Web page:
Boston Police Unions Sue City Over Restrictions on Nonlethal Weapons

By Cara Ding
Cara Ding
Cara Ding
Cara is a Chicago-based Epoch Times reporter. She can be reached at
July 20, 2022 Updated: July 28, 2022

Two Boston police unions filed a civil lawsuit on July 18 to stop the city from enforcing an ordinance that makes it harder for police to use nonlethal weapons for crowd control.

It’s the latest law enforcement pushback against a national trend of growing restrictions on police usage of nonlethal weapons following the protests brought about by the death of George Floyd in Minneapolis on May 25, 2020.

The lawsuit (pdf) argues that according to the Boston police commissioner’s statute, the commissioner—not city hall or the city council—has complete control over rules and regulations for its police force.

“We will not stand silent while our city council picks and chooses what they want from our officers based on politics and public opinion rather than public safety,” plaintiffs the Boston Police Superior Officers Federation and the Boston Police Detectives Benevolent Society said in a statement.

Epoch Times Photo
Demonstrators walk in front of a police car in Boston, Mass., that has been lit on fire during a protest in response to the death of George Floyd on May 31, 2020. (Maddie Meyer/Getty Images)

“By eliminating our officers’ ability to use non-lethal force, city councils themselves are forcing escalation of incidents with their irresponsible and poorly researched policies.”

Boston Mayor Michelle Wu’s office declined to comment, citing ongoing litigation.

On April 28, 2021, then-Mayor Kim Janey signed off on a new ordinance (pdf) that allows for police usage of tear gas, chemical spray, and rubber bullets at a gathering of more than 10 people only after approval by an on-scene supervisor at the deputy superintendent level. Before the on-scene supervisor can authorize any nonlethal weapons, he or she must exhaust other means of crowd control, give two separate warnings about the specific weapon to be used, and wait for at least two minutes after the last warning.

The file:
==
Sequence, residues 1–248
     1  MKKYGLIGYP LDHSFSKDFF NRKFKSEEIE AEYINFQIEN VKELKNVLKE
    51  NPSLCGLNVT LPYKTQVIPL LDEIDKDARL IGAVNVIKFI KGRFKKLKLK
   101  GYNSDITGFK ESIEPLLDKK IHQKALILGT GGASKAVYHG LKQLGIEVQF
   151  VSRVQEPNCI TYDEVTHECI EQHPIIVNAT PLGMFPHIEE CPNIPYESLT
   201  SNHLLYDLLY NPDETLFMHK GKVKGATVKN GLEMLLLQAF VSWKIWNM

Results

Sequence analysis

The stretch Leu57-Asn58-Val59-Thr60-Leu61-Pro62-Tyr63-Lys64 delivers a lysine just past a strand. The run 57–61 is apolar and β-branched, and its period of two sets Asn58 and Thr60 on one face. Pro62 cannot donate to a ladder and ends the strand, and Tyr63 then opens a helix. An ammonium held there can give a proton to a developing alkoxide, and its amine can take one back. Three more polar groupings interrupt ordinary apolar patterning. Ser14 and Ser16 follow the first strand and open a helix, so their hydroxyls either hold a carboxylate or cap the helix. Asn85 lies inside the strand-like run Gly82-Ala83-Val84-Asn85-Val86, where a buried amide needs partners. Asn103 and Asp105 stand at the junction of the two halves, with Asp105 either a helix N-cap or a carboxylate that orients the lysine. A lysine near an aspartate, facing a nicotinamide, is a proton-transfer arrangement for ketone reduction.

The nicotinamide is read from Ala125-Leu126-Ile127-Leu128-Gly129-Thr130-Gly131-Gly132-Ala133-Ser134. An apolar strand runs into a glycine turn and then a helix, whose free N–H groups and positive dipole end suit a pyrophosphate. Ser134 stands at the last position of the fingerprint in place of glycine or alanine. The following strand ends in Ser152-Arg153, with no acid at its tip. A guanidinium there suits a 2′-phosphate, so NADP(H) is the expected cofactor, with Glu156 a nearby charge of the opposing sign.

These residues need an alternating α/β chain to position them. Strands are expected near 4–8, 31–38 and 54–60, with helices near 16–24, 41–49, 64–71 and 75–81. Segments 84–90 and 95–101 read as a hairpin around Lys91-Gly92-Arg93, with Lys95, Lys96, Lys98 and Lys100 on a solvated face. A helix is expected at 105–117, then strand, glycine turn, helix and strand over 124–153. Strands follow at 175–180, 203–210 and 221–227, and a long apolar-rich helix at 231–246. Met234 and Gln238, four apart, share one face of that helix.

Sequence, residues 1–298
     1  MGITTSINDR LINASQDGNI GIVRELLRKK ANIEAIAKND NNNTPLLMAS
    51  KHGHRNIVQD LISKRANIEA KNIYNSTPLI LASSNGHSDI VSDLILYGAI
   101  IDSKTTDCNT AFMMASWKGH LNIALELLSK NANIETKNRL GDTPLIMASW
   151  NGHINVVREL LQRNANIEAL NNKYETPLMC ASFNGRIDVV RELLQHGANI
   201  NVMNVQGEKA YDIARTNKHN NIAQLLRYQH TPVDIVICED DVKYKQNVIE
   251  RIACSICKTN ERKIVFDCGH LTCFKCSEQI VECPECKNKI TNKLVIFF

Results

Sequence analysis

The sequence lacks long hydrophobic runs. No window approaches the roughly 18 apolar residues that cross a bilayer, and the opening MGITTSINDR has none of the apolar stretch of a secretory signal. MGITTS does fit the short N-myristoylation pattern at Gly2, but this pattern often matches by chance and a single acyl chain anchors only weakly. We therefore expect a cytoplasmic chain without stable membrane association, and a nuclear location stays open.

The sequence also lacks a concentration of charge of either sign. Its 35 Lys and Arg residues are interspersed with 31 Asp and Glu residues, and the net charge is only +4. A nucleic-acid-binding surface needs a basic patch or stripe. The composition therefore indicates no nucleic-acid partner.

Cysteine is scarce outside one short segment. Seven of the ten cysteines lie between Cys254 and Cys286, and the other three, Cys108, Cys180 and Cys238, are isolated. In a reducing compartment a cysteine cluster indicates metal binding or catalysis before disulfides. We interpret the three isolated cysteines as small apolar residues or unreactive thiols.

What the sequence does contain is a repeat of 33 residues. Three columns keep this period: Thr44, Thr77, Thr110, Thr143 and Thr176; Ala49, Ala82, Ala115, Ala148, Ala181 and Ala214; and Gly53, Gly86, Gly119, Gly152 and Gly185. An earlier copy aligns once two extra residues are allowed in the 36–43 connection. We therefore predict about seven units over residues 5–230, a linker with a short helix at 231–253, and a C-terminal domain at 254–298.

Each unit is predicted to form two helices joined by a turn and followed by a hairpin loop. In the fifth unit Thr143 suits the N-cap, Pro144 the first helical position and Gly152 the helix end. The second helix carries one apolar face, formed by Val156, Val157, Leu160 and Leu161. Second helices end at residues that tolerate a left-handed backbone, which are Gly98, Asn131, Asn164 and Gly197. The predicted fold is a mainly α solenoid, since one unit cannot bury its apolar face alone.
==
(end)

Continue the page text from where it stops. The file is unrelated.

The lawsuit, filed in Suffolk County Superior Court, contends that there’s often no supervisor at or higher than the rank of deputy superintendent on scene and that the ordinance doesn’t account for situations that demand immediate responses.

It also points out the ambiguity in the 10-person threshold, such as whether it counts bystanders or even first responders.

Ten individual police officers also joined the lawsuit against Wu, Boston City Council President Ed Fynn, and Acting Police Commissioner Gregory Long.

The lawsuit was filed days after Wu announced her new pick for the top police job, Michael Cox. He’ll head a police department with just less than 2,000 sworn officers.

In the past, a Boston city ordinance (mandating shotguns for police cars) was found to be invalid by a superior court judge because it was thought to violate the police commissioner’s statute, according to the lawsuit.

The lawsuit also cites a Massachusetts appellate court opinion that states that managerial control over weapons falls squarely under that statute.

In December 2020, months after George Floyd protests erupted across the nation, the Boston City Council passed an ordinance to put more restrictions on nonlethal crowd control weapons.

Ricardo Arroyo and Andrew Campbell, two council members who filed the ordinance, said at the time that nonlethal weapons indiscriminately affected a large number of protesters and caused serious injuries.

But then-Mayor Marty Walsh vetoed it. Four months later, the council passed a refiled ordinance under Janey. Wu, then a city council member, voted “yes.”

At least seven states and 16 cities have acted to put more restrictions on tear gas and rubber bullets in the wake of the George Floyd protests, according to a tally by the International Center for Not-for-Profit Law.

Some also enacted laws, ordinances, or policies to restrict guns at protests, limit the transfer of military weapons to local law enforcement, and require officers to display names or badge numbers at protests.

Cara Ding
Cara is a Chicago-based Epoch Times reporter. She can be reached at